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Safe At Home?

When the shooting erupted at Columbine High School on April 20, Daniel Rohrbough was one of the first killed. His father Bryan has one big regret: "I wish I had home-schooled him."

It is a thought shared by many parents that awful day, reports CBS News Correspondent Cynthia Bowers.

Rachel and Don Lee learned their son Shawn escaped from Columbine just as the shooting began. But they were not concerned about daughters Becky, a freshman and Beth, a sophomore.

"I knew where my daughters were; my daughters were home," says Rachel. Home, being home-schooled.

"I could have had two more kids in that building as well," says Don. "So it really reinforced to me that we made the right decision to homeschool our daughters."

Becky and Beth still aren't so sure.

"I miss having a class full of kids," says Becky. "I miss the diversity and stuff."

But their parents contend Columbine's school environment was getting bad, even before the rampage. They pulled the girls out after a friend of Beth was attacked by five male students in Columbine's parking lot.

Don Lee, a Colorado state representative, was incensed nothing was done. "They pulled her top off and took pictures of her," says Lee.

As many as a million-and-a-half American children are home-schooled. And the numbers are rising, up 15 percent over the last five years. In Colorado the Department of Education says there was about a 60 percent increase in requests for information about home-schooling after Columbine; but very few people are following through.

That might be because of the time commitment and the perception that home-schooled children become isolated.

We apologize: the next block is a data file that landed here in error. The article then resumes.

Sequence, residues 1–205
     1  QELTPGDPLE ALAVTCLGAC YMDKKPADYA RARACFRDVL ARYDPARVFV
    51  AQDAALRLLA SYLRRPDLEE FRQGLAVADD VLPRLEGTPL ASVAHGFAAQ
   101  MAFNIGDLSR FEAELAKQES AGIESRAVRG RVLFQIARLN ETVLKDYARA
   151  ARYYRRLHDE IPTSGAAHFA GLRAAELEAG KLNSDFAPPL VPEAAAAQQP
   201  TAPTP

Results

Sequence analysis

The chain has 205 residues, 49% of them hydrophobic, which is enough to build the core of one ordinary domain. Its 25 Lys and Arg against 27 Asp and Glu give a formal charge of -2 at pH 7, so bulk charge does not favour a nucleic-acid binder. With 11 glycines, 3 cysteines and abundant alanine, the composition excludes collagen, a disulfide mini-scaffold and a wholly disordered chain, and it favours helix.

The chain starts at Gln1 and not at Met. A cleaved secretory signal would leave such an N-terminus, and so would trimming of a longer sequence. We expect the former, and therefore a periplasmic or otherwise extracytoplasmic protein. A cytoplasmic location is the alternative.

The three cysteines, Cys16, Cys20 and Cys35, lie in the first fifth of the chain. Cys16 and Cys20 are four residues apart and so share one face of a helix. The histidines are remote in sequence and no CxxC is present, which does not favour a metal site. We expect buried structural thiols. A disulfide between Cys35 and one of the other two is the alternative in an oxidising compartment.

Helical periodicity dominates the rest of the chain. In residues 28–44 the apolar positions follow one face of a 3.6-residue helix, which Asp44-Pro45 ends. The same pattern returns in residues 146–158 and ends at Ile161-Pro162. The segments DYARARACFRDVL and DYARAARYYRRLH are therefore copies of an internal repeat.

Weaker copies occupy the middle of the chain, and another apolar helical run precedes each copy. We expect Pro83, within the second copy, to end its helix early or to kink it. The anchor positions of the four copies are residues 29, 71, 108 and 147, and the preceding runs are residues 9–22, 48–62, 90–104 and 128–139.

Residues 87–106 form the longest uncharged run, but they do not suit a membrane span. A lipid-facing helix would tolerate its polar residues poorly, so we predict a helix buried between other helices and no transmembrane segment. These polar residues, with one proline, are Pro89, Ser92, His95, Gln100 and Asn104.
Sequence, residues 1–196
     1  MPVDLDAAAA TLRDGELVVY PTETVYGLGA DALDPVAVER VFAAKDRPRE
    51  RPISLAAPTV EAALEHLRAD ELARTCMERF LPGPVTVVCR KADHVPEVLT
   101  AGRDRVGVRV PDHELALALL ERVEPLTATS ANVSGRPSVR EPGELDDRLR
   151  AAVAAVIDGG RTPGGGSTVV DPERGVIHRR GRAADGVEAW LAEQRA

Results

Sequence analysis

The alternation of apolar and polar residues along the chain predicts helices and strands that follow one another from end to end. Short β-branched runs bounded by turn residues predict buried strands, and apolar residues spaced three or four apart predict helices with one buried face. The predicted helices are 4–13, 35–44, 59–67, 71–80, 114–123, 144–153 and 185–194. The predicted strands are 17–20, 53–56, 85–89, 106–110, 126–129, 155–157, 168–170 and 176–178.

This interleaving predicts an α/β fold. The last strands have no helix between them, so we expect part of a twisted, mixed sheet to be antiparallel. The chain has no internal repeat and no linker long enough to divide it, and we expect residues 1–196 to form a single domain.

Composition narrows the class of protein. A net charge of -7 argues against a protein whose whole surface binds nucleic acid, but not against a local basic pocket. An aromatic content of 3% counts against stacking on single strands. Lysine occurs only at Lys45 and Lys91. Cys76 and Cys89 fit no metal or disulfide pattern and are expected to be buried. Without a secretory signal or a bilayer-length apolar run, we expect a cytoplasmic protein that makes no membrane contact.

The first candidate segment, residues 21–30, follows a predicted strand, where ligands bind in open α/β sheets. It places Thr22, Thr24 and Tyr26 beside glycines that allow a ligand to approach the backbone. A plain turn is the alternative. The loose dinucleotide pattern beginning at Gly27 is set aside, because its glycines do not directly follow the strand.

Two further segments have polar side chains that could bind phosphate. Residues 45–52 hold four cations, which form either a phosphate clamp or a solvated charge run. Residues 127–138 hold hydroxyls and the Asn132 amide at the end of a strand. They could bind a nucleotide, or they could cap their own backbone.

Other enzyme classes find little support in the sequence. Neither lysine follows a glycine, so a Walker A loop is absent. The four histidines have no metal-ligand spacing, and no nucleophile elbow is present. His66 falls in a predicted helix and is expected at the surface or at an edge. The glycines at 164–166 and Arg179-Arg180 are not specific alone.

But Rebecca Rupp, the author of Getting Started On Home Learning, How And Why To Teach Your Kids At Home, says home-schooled children are actually very well-socialized.

She told CBS News Correspondent Russ Mitchell "there are community things they participate in. Most have support groups, other friends who are home-schooling. Studies have shown they are very skillful socially."

Rupp also denies that home-schooling is expensive, even though parents have to purchase all the books and supplies for their children.

"Studies have shown that the average home-schooler spends around $500 a year per kid," says Rupp. "Some home-schooling expenses are hard to separate from what you'd spend just raising your kids anyway."

And, she says, most parents are capable of teaching kids the things they learn in school.

"You grow into it. It's a learning process," says Rupp. "If you can read, you can research, you can find resources for your children. There are any number of resources out there for home-schoolers. The other thing about home-schooling is that you don't leap into calculus. Most people start when their children are young. You learn together."

For more information on home schooling:

Home School Zone homeschooling

National Home School Association

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